Being elected in a new position is always a nice and enjoyable recognition, also for a scientist. Once the stress and uncertainty of the election are over, the candidate can concentrate on his new duty and prepare to face the coming challenges. The difference here with politicians is that he doesn’t need to manoeuvre during his term to please his electors or own party with empty promises motivated by his wish for re-election.
This being said, I feel really honoured and happy to serve the cause of the EPS in the coming years, first as President-elect and later as President. I would like to take this opportunity to thank the EPS Council delegates who have expressed their confidence in me. A learned society like EPS could not have reached its outstanding level without the dedication, time and energy of its active members and its secretarial staff. In particular, the tremendous job of our past president Luisa Cifarelli and our current president John Dudley have transformed the EPS based on the strategy plan 2010+, creating new initiatives and looking towards the future with great projects such as the International Year of Light 2015.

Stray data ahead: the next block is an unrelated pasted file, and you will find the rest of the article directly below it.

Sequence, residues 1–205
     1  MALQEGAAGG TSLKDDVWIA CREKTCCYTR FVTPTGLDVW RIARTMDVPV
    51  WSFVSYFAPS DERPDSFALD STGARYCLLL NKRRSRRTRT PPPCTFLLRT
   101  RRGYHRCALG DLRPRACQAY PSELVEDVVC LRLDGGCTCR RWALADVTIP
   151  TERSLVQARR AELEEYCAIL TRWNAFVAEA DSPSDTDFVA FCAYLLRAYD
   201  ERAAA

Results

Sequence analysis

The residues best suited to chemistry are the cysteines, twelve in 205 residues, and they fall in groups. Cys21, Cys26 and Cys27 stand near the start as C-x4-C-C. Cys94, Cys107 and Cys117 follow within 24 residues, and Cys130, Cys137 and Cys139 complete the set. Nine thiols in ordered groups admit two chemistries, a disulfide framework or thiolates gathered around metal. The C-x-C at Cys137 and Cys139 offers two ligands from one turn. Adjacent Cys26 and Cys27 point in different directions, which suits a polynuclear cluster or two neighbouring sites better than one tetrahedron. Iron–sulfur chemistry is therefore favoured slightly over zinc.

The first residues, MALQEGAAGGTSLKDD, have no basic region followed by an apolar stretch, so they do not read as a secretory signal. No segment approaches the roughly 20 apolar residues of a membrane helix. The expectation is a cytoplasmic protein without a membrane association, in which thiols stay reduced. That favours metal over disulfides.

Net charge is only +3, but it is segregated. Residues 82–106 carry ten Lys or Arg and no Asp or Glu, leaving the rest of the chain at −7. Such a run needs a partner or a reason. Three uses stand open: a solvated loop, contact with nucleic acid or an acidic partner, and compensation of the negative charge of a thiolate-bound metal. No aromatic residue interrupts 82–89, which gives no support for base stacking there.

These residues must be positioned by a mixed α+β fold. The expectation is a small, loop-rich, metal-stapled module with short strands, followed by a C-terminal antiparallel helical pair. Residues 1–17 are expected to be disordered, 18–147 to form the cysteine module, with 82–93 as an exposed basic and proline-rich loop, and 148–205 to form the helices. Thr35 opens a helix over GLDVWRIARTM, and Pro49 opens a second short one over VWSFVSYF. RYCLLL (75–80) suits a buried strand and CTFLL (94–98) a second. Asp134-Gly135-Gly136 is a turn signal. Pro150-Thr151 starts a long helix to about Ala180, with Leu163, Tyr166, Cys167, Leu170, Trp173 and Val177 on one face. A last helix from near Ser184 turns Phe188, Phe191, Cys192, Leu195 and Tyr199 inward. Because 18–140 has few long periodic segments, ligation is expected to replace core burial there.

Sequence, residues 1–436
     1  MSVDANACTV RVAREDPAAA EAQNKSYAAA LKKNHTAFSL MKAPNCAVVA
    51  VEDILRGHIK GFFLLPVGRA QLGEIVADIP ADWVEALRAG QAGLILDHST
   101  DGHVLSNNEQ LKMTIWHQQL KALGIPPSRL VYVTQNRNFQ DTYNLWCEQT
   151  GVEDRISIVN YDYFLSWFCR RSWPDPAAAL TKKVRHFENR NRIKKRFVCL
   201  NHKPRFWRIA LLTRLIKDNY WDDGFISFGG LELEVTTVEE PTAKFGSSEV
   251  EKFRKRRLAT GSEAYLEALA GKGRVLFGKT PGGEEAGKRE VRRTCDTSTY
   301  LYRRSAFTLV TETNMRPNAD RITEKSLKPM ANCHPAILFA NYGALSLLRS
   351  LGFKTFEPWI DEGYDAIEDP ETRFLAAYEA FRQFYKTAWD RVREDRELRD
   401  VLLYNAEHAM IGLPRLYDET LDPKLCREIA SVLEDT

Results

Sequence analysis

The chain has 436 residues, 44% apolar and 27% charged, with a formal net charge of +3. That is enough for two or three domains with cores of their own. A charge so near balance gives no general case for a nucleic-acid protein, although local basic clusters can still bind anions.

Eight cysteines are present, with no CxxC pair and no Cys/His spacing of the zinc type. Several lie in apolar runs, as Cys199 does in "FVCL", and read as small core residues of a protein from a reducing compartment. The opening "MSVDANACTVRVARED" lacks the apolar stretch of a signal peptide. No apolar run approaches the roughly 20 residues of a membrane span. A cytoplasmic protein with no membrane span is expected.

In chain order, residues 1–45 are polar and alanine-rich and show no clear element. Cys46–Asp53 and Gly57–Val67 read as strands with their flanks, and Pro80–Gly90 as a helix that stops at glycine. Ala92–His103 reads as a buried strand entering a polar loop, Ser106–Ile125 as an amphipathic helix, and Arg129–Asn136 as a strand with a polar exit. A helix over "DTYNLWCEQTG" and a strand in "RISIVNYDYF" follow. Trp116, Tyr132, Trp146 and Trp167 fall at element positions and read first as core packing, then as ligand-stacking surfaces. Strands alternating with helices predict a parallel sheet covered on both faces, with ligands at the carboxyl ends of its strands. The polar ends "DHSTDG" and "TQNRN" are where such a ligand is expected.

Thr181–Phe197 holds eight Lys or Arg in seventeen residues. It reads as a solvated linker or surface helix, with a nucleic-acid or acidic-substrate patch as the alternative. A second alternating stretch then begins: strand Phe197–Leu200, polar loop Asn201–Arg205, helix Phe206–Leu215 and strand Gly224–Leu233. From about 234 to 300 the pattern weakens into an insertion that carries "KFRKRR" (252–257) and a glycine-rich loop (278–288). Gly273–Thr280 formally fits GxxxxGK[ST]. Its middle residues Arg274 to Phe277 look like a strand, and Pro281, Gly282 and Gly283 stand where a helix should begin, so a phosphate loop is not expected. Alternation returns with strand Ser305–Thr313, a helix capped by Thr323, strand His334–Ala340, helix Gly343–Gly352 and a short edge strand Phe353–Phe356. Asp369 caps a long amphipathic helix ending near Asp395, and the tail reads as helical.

We all agree that EPS as a learned society and umbrella organisation has an important role to play in promoting the advancement of physics and defending the interest of physicists in Europe. There are many challenges ahead, in particular in convincing the general public and tax payers that funding basic science and supporting education in physics is still essential, not only to better understand the fundamental laws of nature but also to establish a solid basis for applied science, technology and innovation. The importance of physics to the economy of our world and in some proportion to the social stability in an open society must be recognised. Among the great challenges it is certain that climate changes and environmental issues will dominate.
As physicists, trained in problem solving with analytical and quantitative skills, we have to bring our contribution in a constructive spirit and in a common voice. All national physical societies, small and large have to participate to this global effort and share their expertise to advise the European policy-makers. EPS, as a federation of member societies and associate institutions, can take a leading role here.
Therefore I strongly support the project of opening a supplementary secretariat in Brussels to establish closer contacts to the European institutions and encourage policies that address important scientific, environmental and societal needs. This will help, in parallel to the regular statements and position papers, to make EPS a well regarded and influential organisation. Thus let’s go to Brussels!